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Platform-specific usage

The POSIX platform
The Windows platforms

The usage chapter focused on explaining all features provided by Boost.Process that are available under all supported platforms. However, those features may be too limited when portability across different platforms is not a determining factor; in such cases, you will want to access the full power of the underlying operating system to manage processes. Boost.Process lets you do so through specialized classes - even if they are not enough for your use case, you can always design your own.

This chapter describes all platform-specific features available in Boost.Process. Keep in mind that using them will lower your application's portability.

The POSIX platform

Interprocess communication

As we saw earlier in the usage chapter, all platforms supported by Boost.Process provide three communication channels to each process. Although these are enough in almost all use cases, some applications can take advantage of more data flows. For example, they may support multiple input streams so that external processes can feed in different types of data, or emit messages through more than two output streams to clearly separate their purpose.

The POSIX platform allows the configuration of more than three communication channels thanks to the way fork works: any file descriptor can be used to connect two different processes through an anonymous pipe. Boost.Process can take advantage of such feature and configure more than three data flows by using the specialized posix_launcher and posix_child classes, both based on the generic implementations.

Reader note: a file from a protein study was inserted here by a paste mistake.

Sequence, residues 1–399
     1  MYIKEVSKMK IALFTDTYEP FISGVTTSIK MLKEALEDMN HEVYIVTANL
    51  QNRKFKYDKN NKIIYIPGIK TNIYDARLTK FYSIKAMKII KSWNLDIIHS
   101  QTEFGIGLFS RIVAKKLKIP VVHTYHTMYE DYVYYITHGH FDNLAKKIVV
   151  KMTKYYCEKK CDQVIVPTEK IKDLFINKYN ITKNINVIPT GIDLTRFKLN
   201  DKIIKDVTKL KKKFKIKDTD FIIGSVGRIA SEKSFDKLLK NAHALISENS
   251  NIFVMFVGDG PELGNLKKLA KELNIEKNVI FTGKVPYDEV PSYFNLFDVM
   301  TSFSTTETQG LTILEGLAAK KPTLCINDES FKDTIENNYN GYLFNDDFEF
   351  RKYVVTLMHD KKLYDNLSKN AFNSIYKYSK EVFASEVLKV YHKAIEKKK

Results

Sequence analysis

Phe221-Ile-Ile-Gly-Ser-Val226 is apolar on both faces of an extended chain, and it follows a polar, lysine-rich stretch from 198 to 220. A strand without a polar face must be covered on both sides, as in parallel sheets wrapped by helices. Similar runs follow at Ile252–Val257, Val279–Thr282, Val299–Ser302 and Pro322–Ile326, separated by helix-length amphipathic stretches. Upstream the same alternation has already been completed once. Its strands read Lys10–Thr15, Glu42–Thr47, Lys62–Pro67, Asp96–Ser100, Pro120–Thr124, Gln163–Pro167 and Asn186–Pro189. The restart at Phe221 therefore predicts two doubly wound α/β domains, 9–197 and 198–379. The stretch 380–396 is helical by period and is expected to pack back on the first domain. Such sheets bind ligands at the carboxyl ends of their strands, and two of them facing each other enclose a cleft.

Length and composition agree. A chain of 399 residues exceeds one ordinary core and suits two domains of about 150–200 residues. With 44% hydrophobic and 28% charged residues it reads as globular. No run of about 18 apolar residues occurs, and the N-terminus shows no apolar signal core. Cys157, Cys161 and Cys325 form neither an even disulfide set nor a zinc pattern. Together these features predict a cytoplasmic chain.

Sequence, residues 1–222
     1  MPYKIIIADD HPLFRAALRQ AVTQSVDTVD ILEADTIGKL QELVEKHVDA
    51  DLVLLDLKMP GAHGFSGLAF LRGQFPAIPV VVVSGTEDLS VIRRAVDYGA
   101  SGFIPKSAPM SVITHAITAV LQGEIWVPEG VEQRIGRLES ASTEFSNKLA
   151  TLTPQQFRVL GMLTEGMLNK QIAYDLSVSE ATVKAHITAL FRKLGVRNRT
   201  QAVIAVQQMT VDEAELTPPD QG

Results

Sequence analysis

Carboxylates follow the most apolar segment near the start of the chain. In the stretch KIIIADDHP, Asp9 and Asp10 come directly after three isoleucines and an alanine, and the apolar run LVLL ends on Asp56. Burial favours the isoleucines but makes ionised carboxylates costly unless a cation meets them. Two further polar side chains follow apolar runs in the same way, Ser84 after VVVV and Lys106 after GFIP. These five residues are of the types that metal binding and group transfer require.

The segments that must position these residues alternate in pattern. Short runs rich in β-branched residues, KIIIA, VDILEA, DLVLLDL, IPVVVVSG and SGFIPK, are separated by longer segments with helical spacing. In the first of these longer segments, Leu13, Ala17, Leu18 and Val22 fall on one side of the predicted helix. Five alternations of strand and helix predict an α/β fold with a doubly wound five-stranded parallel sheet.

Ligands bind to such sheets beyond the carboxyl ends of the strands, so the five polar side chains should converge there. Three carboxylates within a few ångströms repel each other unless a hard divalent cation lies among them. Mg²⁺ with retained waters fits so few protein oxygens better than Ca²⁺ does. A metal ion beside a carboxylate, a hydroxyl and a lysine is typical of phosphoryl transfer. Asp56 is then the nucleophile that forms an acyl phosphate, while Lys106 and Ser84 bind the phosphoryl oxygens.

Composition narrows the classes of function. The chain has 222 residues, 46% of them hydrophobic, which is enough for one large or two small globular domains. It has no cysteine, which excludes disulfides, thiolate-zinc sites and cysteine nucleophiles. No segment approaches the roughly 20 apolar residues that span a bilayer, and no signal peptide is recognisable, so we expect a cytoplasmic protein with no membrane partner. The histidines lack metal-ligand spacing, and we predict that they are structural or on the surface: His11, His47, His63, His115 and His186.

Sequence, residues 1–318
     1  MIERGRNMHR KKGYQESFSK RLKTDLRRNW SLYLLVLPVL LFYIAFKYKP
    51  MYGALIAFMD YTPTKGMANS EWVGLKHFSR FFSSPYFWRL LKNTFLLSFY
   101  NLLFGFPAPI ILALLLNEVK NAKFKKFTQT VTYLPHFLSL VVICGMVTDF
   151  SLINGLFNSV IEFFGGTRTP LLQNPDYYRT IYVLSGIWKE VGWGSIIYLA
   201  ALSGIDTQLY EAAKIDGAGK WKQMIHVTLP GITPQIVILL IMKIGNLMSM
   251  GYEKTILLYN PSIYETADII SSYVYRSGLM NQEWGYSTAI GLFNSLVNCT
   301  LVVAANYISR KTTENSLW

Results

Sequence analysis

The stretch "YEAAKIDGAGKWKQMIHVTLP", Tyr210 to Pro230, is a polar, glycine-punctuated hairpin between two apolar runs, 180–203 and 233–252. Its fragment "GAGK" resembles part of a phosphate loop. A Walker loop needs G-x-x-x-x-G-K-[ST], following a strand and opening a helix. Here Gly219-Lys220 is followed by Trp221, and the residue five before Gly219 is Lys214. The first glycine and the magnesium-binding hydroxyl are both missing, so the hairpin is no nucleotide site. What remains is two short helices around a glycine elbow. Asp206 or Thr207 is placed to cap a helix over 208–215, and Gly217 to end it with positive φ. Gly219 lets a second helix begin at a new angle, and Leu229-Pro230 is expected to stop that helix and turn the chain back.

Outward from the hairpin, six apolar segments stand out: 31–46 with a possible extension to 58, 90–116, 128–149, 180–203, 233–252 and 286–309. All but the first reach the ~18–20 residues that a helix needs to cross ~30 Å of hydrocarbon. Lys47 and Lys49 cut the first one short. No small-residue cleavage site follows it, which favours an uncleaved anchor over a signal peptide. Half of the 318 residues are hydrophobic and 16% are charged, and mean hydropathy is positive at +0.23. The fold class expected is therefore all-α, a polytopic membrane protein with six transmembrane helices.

Before continuing, it is interesting to remember that POSIX systems identify communication channels with plain integers because they are regular file descriptors. The three standard communication channels are typically attached to fixed file descriptors and the cstdlib standard header provides constants to refer to them; these constants shall be used instead of the integer values to achieve maximum portability and clarity.

Table1.1.Standard channels on POSIX operating systems
Channel Symbolic constant Typical value
Standard input STDIN_FILENO 0
Standard output STDOUT_FILENO 1
Standard error STDERR_FILENO 2

The POSIX context class posix_context provides two additional properties that allow the user to add and specify the behavior of non-standard file descriptors; these are input_behavior and output_behavior. The former is used to configure a child's input streams and the latter output ones.

Once the streams are configured and the child process is running, the caller accesses the child's streams as it did with the generic child. However, non-standard streams are only available through two additional methods: get_input and get_output.